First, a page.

A particularly important player is the Defense Dept. DoD in fact has acute, strategic and tactical energy and resource needs in which it is investing considerable attention and resources. “Energy independence” may be a feel-good slogan for many but for the military it is critical. The US Air Force, for instance, is the biggest consumer of fuel in the government, and indeed one of the biggest in the country. Military bases currently are mostly dependent on the electric grid to supply their power — a worrisome vulnerability for both base security and mission performance. Tactically, troops in the field are perilously dependent on a long logistics “tail” to supply needed fuel and water — supply convoys are a major target for enemies.

DoD will continue to invest in coming up with technical fixes for these problems, not so much because they are “clean” but because they are crucial to the military mission. And it is most likely that congressional Republicans will support those efforts.

More broadly, energy and technology policies are driven more by differences of regional, social, and economic interests than of partisan ones. Representatives from coal and other energy-producing states, for instance, will continue to oppose economically subversive cap-and-trade and similarly prohbitive “climate protection” policies regardless of party affiliation.

Along that line, and unfortunately, the next Congress likely will continue to provide bipartisan support for wasteful biofuel subsidies — because of the peculiar leverage the American system of government gives to rural/agricultural states in the structure of Congress and in presidential politics.

In any case, the notion that Republicans will not be supportive of “clean” energy and other technology innovation is simplistic and misleading.

In line to become chairman of the powerful House Energy and Commerce Committee is Rep. Fred Upton (Michigan). Criticized by some conservatives as too moderate, Upton received a 39% rating from the League of Conservation Voters.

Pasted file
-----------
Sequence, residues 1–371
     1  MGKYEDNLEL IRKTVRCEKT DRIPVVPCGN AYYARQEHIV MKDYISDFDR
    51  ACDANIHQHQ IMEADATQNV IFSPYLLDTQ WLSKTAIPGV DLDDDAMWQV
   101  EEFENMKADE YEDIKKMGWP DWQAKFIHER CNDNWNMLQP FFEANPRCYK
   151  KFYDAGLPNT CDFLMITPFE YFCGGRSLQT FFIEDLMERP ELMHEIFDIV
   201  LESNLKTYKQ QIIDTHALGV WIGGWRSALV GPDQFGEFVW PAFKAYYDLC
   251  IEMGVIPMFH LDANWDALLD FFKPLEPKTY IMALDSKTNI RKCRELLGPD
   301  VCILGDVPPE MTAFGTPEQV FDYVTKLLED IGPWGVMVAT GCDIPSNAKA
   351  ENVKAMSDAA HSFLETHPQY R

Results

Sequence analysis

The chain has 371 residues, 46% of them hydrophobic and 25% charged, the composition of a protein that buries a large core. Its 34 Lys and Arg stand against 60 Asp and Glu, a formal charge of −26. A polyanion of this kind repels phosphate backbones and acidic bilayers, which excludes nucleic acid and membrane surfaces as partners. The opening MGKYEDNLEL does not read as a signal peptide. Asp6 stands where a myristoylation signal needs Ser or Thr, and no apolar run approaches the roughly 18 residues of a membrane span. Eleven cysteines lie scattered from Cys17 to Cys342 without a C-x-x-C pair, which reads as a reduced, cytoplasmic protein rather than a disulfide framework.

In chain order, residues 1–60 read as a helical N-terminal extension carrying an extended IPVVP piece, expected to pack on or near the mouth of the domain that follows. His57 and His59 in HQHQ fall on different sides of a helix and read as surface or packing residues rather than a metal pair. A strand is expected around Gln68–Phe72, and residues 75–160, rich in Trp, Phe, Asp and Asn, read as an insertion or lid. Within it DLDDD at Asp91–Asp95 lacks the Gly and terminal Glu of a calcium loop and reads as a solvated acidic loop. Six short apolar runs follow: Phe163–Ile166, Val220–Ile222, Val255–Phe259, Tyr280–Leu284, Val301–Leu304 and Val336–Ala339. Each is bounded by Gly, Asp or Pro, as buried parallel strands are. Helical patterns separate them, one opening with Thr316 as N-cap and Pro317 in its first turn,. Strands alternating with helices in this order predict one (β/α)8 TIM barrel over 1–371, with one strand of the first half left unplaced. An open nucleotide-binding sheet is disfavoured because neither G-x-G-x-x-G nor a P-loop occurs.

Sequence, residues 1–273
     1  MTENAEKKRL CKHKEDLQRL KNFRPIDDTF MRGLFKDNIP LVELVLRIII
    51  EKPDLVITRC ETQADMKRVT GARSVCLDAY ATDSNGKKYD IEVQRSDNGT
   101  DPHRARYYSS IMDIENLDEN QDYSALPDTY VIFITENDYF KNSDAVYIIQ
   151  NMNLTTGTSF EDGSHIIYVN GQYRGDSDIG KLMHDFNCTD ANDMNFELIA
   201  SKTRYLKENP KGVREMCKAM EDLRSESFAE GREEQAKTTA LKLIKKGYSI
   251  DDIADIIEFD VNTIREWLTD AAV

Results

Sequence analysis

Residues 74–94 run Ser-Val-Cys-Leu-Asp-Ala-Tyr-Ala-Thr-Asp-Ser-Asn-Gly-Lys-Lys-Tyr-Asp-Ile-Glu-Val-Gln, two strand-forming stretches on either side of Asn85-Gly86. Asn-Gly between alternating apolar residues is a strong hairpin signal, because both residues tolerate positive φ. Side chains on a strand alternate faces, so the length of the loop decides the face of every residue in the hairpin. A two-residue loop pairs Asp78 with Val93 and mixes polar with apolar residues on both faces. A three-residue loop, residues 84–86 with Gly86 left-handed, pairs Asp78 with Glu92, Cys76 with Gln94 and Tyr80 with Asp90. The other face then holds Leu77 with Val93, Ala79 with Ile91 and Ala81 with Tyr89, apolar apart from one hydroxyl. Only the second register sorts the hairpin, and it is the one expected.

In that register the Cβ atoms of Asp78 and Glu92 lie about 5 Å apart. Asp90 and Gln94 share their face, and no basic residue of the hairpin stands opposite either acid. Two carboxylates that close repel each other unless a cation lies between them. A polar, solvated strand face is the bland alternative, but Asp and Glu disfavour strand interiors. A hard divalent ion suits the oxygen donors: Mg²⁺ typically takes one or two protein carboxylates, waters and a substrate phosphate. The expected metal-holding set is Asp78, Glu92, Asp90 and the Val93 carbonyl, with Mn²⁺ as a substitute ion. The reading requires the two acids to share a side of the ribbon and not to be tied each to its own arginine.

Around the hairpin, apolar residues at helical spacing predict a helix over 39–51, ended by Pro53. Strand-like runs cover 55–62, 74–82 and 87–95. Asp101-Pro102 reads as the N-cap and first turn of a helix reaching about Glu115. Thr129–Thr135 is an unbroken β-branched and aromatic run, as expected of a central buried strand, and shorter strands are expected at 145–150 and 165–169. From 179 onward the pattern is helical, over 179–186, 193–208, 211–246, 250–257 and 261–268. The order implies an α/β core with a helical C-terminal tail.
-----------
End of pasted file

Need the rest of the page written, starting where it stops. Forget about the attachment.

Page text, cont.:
In regard to climate legislation, writing in Roll Call last year Upton stated five necessary objectives: “1) provide a tangible environmental benefit to the American people; 2) advance technology and provide the opportunity for export; 3) protect American jobs; 4) strengthen U.S. energy security; and 5) require global participation.”

Given that the failure of the Copenhagen conference proved to those not previously convinced that there isn’t going to be any grand global compact on climate regulation for the foreseeable future, the focus should be and is likely to be on technology innovation, consistent with the emerging consensus view.

In that regard Upton, like many and maybe most members of Congress favors a do-it-all approach. He and others will support expanded development of nuclear power — which may be welcomed by those who view nuclear as “clean.” There also will be continued, perhaps expanded, support for “clean” coal and other fossil fuel technology. And energy efficiency and renewable energy solutions as well. While Upton, in particular, has opposed oil drilling in Lake Michigan he favors putting wind turbines there. And like Michiganians of both parties, he is tantalized at the prospect of Michigan being a leading producer of batteries for electric/hybrid vehicles.

Note that the more reactionary Rep. Joe Barton (Texas) is competing for the committee chairmanship. But that would require a waiver of Republican rules which limit the terms of members serving as ranking member or chairman to six years. Given that Nancy Pelosi as Speaker bypassed seniority to install Henry Waxman over John Dingell as Energy/Commerce chairman during her reign, the possibility of Barton’s appointment cannot be ruled out at this point.

Overall, given the federal budget mess, the level of federal investment in “clean” technology is likely to be somewhat diminished, with the focal points tweaked some, but not drastically different.

William Bonvillian of MIT is among the several experts who have argued that not only is the scale of federal investment in energy innovation inadequate, but the organization structure for managing those investments is ill-conceived and woefully inefficient. It’s possible that both parties in Washington will see it in their interest to collaborate on restructuring the federal technology programs to achieve more bang for the taxpayers’ bucks.